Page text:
Monday, January 12, 2004
It seems like many modern day business theories/issues are based on Ayn Rand’s belief that man’s survival is based on his ability to reason and think, and when a man exercises that ability, he should only do things in life that result in value for value. Take a look at the concept of middle management for example. The reason that people believe middle management is bad for an organization is because it allows “vice presidents” to get away with not thinking, of not accepting the responsibilities of senior management (bringing in clients) while not having to deal with processing the work, passing along that responsibility to junior staff. Take a look at why people are not happy at work, at movies such as office space. We work to exchange value for value. We work so that our firm pays us a salary…and money is only a commonly accepted “IOU” that simplifies the exchange of value (working for clothing, haircuts, food, education, etc.). We when work hard, we expect to be compensated fairly with equal value. People do not like their work when they are not compensated fairly, when they feel that they are not getting equal value for value. If we were in the ideal corporate world, where we are compensated fairly at all times, many more individuals would be happy and content with their jobs. Instead, we live in a world where people in power (CEOs, senior management, board of directors, etc.) pay themselves much more than the value they bring to the table, and to offset this pay raise, they lower the compensation of the junior staff. Eventually, the junior staff becomes fed up and unions begin forming to counteract this imbalance. Unfortunately, the union then becomes too powerful and demand too much pay relative the value of the individuals in that pool. Individuals are now incentivized to not fully exercise their ability to think, because, hey I’m in a union and I will receive my 7% increases every year until I retire. Why should I exert extra energy when I can get this regardless through the power of my union?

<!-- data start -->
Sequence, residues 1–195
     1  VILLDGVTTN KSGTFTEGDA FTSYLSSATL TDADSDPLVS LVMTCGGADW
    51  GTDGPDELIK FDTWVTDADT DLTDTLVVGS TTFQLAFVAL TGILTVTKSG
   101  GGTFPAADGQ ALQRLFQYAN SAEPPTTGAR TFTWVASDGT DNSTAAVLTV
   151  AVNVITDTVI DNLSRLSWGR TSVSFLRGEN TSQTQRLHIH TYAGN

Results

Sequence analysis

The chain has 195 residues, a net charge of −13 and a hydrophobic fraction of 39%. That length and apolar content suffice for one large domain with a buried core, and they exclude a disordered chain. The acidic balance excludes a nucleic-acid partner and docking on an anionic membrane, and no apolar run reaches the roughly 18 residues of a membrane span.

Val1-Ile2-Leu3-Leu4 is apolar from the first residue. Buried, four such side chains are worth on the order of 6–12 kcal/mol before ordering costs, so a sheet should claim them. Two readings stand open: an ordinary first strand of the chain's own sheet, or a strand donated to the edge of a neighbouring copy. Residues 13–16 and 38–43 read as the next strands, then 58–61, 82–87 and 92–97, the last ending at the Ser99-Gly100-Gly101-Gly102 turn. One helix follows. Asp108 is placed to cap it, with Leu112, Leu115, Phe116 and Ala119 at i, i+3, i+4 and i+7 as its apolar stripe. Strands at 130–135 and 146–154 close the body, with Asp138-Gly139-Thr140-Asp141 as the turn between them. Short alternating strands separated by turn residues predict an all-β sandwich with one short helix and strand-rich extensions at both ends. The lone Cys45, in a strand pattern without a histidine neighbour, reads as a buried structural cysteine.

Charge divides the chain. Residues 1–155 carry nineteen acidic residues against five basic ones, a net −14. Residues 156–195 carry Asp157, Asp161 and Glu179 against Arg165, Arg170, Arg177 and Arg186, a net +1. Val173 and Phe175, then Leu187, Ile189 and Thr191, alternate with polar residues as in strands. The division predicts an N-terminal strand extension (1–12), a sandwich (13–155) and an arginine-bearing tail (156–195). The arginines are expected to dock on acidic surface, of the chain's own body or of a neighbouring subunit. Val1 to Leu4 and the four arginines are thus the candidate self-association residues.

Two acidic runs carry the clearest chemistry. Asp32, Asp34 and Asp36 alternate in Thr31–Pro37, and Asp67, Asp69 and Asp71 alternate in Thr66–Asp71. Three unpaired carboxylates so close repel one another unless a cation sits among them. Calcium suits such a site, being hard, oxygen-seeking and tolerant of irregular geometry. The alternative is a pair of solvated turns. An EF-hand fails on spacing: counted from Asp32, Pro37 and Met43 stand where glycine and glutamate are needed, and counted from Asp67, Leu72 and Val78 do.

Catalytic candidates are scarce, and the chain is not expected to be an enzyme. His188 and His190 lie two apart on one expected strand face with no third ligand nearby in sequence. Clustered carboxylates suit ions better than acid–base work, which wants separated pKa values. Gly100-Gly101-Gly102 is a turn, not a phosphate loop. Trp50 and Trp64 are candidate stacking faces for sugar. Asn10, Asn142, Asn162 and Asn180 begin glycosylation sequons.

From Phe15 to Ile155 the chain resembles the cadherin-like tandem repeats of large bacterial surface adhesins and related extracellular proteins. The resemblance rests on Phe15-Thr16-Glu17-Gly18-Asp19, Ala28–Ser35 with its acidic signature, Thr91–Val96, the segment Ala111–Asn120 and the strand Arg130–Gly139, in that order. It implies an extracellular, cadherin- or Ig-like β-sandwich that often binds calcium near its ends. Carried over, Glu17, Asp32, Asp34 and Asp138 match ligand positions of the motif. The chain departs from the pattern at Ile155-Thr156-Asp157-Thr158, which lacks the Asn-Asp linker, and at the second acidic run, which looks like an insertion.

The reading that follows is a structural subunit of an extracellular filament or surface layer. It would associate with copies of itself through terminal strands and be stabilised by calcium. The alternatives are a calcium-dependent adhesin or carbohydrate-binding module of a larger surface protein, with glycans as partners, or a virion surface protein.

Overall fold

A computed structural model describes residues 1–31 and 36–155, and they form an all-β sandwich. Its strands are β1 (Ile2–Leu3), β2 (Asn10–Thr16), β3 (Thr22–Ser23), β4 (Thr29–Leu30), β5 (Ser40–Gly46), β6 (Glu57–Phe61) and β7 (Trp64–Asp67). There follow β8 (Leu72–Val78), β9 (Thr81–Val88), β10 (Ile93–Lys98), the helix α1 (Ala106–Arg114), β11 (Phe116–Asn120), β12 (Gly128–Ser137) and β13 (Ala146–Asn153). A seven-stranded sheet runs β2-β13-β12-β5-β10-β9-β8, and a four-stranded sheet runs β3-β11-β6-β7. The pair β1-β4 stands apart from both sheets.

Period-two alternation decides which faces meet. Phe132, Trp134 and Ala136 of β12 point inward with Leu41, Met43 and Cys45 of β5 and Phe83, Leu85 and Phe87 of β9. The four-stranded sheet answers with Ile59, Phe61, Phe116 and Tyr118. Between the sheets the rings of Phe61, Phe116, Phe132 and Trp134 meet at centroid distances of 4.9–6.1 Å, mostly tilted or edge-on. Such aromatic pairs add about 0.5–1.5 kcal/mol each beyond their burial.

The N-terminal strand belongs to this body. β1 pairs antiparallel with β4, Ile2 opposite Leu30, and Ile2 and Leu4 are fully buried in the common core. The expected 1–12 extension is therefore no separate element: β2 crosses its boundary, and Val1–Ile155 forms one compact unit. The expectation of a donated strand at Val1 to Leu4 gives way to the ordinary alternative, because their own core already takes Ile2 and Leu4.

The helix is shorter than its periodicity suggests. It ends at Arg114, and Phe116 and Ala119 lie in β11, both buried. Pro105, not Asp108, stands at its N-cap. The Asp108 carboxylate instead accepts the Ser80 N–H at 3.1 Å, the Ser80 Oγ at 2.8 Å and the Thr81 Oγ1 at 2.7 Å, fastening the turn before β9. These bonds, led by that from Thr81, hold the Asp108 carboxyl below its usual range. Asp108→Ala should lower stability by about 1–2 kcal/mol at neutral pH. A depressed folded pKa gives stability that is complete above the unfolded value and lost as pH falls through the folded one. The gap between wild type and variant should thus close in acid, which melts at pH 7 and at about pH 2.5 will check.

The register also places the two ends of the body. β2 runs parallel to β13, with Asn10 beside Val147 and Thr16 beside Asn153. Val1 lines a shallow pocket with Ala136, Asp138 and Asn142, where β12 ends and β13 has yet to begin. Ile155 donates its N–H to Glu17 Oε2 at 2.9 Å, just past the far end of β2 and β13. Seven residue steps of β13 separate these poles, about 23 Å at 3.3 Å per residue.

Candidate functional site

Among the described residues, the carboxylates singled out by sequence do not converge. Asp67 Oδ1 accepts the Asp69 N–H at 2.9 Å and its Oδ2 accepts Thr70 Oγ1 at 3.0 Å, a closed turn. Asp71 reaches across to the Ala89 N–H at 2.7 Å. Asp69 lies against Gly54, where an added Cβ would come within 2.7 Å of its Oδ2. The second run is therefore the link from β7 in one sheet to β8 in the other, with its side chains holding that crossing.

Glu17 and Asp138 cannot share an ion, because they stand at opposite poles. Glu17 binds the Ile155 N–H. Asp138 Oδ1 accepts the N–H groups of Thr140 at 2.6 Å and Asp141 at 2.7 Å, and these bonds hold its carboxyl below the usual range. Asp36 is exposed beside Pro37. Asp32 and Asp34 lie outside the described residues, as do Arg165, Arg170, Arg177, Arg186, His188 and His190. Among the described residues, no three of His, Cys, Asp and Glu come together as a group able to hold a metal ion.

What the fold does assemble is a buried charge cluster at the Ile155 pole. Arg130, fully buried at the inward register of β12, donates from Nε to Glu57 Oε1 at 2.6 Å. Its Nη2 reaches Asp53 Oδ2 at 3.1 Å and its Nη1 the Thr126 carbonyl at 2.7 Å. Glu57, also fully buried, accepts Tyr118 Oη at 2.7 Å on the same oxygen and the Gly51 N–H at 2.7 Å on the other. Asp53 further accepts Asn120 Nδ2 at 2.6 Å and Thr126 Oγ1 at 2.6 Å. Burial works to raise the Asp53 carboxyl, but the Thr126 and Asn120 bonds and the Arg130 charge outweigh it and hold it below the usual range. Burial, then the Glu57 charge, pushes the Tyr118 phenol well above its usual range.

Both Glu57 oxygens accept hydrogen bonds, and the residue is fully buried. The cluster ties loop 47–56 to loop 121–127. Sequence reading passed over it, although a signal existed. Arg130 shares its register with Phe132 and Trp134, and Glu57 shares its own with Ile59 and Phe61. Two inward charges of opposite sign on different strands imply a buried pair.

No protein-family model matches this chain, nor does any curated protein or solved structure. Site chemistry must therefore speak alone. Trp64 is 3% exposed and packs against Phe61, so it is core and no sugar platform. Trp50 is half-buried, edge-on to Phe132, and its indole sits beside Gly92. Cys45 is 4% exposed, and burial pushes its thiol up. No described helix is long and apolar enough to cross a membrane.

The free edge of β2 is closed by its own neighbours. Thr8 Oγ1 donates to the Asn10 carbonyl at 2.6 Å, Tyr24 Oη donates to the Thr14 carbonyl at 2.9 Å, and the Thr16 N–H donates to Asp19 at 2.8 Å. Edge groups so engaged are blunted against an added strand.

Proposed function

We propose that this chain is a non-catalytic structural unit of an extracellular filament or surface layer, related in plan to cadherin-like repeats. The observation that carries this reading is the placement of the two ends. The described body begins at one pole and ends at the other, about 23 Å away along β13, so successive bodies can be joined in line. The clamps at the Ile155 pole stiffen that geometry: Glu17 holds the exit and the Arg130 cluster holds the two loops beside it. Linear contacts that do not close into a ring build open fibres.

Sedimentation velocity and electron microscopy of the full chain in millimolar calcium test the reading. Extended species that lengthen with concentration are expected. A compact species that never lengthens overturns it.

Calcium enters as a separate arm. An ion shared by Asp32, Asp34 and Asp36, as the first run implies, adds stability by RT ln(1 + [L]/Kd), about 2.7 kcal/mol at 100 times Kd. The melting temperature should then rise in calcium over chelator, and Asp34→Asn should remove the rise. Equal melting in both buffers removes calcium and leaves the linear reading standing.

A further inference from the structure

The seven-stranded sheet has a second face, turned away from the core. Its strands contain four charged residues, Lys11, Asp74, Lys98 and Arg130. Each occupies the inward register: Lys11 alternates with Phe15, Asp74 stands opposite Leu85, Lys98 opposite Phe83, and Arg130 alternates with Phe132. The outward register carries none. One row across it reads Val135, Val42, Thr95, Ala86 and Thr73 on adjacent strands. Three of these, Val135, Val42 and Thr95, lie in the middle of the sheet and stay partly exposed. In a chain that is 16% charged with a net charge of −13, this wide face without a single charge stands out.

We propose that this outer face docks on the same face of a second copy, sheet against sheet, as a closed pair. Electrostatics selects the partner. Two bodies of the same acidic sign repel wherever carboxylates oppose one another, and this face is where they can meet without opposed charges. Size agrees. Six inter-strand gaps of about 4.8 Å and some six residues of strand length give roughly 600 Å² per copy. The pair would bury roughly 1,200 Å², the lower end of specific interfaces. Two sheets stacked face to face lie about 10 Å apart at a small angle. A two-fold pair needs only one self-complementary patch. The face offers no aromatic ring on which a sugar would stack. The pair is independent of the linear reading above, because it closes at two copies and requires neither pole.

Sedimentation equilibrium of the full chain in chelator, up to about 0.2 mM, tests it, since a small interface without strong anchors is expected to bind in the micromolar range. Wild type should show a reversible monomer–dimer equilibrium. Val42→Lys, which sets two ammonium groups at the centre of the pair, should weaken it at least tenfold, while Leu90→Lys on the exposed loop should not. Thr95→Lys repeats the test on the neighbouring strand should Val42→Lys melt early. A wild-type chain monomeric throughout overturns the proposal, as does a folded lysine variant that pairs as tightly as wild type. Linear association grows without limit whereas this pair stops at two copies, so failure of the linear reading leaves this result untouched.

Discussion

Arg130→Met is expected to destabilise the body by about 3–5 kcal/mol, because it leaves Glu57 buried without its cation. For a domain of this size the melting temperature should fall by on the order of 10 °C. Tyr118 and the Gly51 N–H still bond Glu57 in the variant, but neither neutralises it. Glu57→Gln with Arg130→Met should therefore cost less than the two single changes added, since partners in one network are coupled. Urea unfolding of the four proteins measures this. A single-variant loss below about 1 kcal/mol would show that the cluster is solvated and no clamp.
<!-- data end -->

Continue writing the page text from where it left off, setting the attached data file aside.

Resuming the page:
As a result, individuals that believe in their true value, leave to start their own business. What’s left behind are supposed “educated” men with MBA rubber stamps from HBS, Wharton, etc. who are only staying within the corporate world because they KNOW that they are being paid more than they are worth, more than the value they are bringing to the table. And maybe a few stay because they are able to find a position and a firm where they are being compensated entirely fairly for the value they bring. When I eventually have my own company, I think I will run it completely different from corporate America today. It will be like the 21st century motors company, but instead of having able individuals pull the weight of the unable, it will truly be an environment to attract the best and brightest, the most able will make the most, regardless of age, degrees, education, etc. If a person that grew up in Kansas with little formal education understands better about running a business from his experiences running a farm, then he will be my operations manager. Ability is ability…regardless of how you acquired it.